Repair work to salvage flooded homes in Hull will not finish before next summer.
Rok, which is carrying out work on a host of properties for insurance firm Zurich, has admitted it will spend another six months revamping homes damaged by the water. In all, it will have carried out £5 million worth of work on 500 homes in the city.
June's heavy rain left more than 8,600 homes and 1,300 businesses wrecked by flood damage. More than 1,400 people are still living in caravans.
Rok area leader Paul Franklin said: "We are still visiting properties owned by elderly people that still haven't properly been dried out."
Mr Franklin added that the main concerns from residents have focused on the city's tidal defence system.
He said: "We have heard a lot of worries for the tidal defences at the mouth of the estuary, with the smaller rivers running into the Humber."
A leading engineer has said the city should be left to flood.
MWH technical director and ICE council member professor David Balmforth said new defences would be unsustainable and too expensive to build.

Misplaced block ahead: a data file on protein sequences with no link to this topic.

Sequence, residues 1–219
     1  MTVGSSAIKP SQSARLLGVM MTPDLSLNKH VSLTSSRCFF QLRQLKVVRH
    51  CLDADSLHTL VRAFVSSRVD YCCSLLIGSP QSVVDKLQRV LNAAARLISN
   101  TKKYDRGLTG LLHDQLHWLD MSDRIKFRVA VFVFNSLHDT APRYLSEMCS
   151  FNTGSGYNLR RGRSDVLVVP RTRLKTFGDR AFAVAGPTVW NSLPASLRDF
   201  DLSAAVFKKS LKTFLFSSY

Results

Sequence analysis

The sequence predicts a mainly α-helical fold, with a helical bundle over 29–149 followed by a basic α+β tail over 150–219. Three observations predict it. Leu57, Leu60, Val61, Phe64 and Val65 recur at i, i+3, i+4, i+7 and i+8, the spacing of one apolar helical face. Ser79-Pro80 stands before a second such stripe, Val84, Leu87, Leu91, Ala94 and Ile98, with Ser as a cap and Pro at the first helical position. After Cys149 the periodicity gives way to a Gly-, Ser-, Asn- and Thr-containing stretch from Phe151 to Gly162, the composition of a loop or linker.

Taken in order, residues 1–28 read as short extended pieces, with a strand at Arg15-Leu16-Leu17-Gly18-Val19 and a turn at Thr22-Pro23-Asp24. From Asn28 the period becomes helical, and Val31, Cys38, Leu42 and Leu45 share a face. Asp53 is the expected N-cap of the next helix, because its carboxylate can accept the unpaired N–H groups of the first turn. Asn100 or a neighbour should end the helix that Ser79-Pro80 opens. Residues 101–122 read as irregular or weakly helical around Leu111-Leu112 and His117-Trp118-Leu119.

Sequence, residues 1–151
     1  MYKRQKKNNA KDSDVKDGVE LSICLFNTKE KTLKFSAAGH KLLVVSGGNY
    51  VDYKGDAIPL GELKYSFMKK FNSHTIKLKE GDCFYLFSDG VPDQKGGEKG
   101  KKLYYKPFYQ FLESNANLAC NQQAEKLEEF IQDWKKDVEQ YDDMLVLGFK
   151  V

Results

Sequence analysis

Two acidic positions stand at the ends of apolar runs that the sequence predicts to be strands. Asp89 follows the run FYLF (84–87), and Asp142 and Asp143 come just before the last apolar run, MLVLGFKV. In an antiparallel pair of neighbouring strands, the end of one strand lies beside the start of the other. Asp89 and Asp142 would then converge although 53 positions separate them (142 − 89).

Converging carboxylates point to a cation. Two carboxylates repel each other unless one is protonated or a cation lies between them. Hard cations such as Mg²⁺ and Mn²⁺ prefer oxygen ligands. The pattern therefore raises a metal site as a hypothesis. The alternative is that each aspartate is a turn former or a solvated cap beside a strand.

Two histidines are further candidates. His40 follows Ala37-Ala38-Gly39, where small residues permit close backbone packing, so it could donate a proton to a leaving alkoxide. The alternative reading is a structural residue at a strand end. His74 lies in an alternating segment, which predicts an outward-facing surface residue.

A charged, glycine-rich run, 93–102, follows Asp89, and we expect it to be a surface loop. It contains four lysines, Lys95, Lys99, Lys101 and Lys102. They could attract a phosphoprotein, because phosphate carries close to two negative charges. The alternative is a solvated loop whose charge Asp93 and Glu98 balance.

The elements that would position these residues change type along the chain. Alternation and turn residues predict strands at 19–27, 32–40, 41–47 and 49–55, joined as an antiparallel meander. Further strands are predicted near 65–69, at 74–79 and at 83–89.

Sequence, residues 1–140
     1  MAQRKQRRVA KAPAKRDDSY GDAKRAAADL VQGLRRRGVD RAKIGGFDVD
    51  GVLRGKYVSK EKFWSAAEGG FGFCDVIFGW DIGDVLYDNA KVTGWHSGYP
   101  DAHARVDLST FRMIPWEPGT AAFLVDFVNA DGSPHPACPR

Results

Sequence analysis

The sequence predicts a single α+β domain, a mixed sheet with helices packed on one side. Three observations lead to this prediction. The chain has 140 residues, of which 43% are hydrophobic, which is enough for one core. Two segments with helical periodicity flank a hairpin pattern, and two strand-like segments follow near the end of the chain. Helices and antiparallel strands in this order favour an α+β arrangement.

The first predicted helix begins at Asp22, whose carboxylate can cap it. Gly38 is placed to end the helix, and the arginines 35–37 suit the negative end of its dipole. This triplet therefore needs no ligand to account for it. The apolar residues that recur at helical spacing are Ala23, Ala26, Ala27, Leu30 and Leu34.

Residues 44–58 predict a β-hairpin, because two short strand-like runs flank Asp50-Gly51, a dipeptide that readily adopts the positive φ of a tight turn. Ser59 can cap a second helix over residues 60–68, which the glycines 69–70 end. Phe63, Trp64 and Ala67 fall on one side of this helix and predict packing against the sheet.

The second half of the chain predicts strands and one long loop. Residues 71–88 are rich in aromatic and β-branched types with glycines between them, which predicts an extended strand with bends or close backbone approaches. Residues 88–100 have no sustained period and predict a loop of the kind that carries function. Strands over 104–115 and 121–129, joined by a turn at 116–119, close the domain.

He said: "For key towns and locations here it may be that the only practical solution is managed retreat. That could even apply to Hull."
This week, the Association of British Insurers called on the Government to develop a 25-year strategy to manage the UK's growing risk from floods. It wants stronger planning controls to ensure new developments are not built in high risk areas.
An independent inquiry commissioned by Hull City Council said Yorkshire Water had failed to act on repeated warnings that the city's pumping and drainage systems were inadequate.
The Independent Review Body, chaired by Tom Coulthard, professor of physical geography at Hull University, accused the water company of repeatedly overestimating the capacity of its equipment to deal with heavy rain in the city, 90 per cent of which is below the level of the high tide.
Analysis: Pumps as well as barriers are vital
By Tom Coulthard
You can't just ditch Hull - it's important to have a large port in the area.
What is needed now in Hull is for one agency to take the lead on improving its sustainable drainage infrasturucture.
The Environment Agency, Yorkshire Water and the local council are all competing at the moment.
Certainly Ofwat will have a say too, but I would look to the Environment Agency to provide a firm lead in improving the city.
It's not just about building larger flood defences, it's about improving the resilience of the pumping infrastructure.
The floods had a huge impact. At one time 90 per cent of the schools were closed, which meant parents had to stay at home and look after their children.
This had a huge effect on the local economy.
Tom Coulthard is professor of physical geography at Hull University